Use this URL to cite or link to this record in EThOS:
Title: Effect of operating conditions on product distributions and bio-oil ageing in biomass pyrolysis
Author: Somrang, Yatika
ISNI:       0000 0004 2711 6935
Awarding Body: Imperial College London
Current Institution: Imperial College London
Date of Award: 2012
Availability of Full Text:
Access from EThOS:
Access from Institution:
Alternatives to petroleum-derived fuels are receiving significant interest in order to reduce dependence on finite resources of fossil fuels and to lower fossil-derived CO2 emissions. The present study addresses the production of bio-oil from biomass pyrolysis, one of the potential renewable substitutes to petroleum-derived fuels. The first objective of this work was to investigate the effect of pyrolysis operating parameters, i.e. temperature, heating rate and pyrolysis time, on product distributions in a wire-mesh reactor (WMR) which was designed to minimise secondary reactions. It has been found that high heating rate promotes melting of biomass and this facilitates volatile ejection, thereby resulting in high yield of large bio-oil molecules and high combustion reactivity of residual char. Maximum bio-oil yield is obtained at 500 °C for both rice husk and beech wood whereas a relatively low pyrolysis temperature, e.g. 350 °C, does not allow complete pyrolysis to take place. Chars produced from long holding time and high temperature tests show a decrease in the TGA combustion reactivity which is due to thermal annealing. The comparison between bio-oils obtained from the WMR and Gray-King retort demonstrates the impact of reactor configuration on the variation of bio-oil properties. The unstable nature of bio-oils provided the second objective of this work. The ageing behaviour of bio-oil and the use of organic solvents to improve the bio-oil properties have been investigated. Polymerisation plays a key role in bio-oil ageing and is enhanced by high temperature. Only slight changes in functional groups have been observed by 13C-NMR and FT-IR. UV-F results suggest that phenolic resin formation is one of the polymerisation reactions occurring during bio-oil ageing. With the addition of methanol and acetone to bio-oil, the extent of polymerisation decreases and NMR results indicate the formation of hemiacetals/acetals.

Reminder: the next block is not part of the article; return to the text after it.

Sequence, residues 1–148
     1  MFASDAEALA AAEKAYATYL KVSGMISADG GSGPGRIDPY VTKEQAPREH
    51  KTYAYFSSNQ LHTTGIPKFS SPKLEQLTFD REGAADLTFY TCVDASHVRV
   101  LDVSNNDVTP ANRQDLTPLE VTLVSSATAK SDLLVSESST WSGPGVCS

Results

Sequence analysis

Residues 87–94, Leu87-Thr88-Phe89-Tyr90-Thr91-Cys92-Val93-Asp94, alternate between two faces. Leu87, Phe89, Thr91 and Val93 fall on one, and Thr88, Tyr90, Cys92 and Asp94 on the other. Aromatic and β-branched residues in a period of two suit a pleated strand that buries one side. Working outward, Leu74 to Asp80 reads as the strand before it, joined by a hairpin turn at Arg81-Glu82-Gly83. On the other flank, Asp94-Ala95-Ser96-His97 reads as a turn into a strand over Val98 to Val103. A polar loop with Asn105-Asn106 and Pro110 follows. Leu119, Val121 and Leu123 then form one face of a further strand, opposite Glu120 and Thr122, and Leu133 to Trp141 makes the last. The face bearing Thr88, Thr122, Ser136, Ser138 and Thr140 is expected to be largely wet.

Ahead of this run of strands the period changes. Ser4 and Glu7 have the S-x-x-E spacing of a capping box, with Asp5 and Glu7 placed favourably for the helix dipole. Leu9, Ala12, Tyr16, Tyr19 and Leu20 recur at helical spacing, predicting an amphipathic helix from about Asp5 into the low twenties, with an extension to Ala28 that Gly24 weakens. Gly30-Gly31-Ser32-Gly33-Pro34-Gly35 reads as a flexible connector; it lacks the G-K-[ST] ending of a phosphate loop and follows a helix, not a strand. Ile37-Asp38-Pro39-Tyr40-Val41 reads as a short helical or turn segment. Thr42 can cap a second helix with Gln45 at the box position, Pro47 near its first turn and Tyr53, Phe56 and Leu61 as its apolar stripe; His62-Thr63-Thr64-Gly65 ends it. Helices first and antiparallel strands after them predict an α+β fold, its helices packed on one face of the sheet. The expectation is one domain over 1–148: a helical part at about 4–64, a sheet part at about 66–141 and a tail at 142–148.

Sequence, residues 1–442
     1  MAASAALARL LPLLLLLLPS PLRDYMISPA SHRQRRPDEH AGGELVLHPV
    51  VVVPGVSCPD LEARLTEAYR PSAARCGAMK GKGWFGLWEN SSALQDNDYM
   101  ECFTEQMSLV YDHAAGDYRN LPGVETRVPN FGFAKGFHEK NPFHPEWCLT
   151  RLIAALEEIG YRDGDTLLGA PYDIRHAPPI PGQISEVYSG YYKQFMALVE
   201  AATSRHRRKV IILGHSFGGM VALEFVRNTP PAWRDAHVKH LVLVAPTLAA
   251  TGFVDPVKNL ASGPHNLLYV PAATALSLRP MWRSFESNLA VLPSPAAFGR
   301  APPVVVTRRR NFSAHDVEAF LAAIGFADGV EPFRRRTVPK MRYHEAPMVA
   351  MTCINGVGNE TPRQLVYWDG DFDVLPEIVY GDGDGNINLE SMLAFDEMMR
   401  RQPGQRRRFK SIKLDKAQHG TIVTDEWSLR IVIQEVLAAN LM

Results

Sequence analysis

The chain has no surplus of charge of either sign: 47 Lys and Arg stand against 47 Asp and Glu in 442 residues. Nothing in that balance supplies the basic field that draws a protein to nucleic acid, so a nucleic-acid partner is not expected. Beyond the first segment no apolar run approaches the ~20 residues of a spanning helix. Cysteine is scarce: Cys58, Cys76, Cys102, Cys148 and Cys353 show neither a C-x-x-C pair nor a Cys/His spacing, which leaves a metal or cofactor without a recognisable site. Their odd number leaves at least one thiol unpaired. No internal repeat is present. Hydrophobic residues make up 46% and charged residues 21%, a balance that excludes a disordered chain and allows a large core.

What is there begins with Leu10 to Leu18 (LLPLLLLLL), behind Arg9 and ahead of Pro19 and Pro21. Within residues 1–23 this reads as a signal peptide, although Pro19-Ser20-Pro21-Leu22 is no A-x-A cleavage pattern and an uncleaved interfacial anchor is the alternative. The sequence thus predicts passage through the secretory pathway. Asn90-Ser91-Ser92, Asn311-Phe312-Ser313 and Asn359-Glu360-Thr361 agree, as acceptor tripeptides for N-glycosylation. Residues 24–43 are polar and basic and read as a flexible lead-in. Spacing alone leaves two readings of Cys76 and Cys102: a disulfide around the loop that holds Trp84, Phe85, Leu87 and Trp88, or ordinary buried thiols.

Supervisor: Fennell, Paul ; Kandiyoti, Rafael ; Millan-Agorio, Marcos Sponsor: Royal Thai Government
Qualification Name: Thesis (Ph.D.) Qualification Level: Doctoral